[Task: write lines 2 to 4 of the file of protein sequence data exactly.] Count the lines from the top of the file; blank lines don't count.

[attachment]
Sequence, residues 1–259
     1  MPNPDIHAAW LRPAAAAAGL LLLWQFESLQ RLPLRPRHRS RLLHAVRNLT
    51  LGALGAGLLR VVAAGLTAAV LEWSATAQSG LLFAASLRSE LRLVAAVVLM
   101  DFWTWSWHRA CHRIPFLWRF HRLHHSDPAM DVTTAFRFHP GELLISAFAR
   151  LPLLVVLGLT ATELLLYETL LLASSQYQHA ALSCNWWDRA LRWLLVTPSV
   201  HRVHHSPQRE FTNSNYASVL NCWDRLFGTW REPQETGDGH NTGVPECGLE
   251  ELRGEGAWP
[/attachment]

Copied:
     1  MPNPDIHAAW LRPAAAAAGL LLLWQFESLQ RLPLRPRHRS RLLHAVRNLT
    51  LGALGAGLLR VVAAGLTAAV LEWSATAQSG LLFAASLRSE LRLVAAVVLM
   101  DFWTWSWHRA CHRIPFLWRF HRLHHSDPAM DVTTAFRFHP GELLISAFAR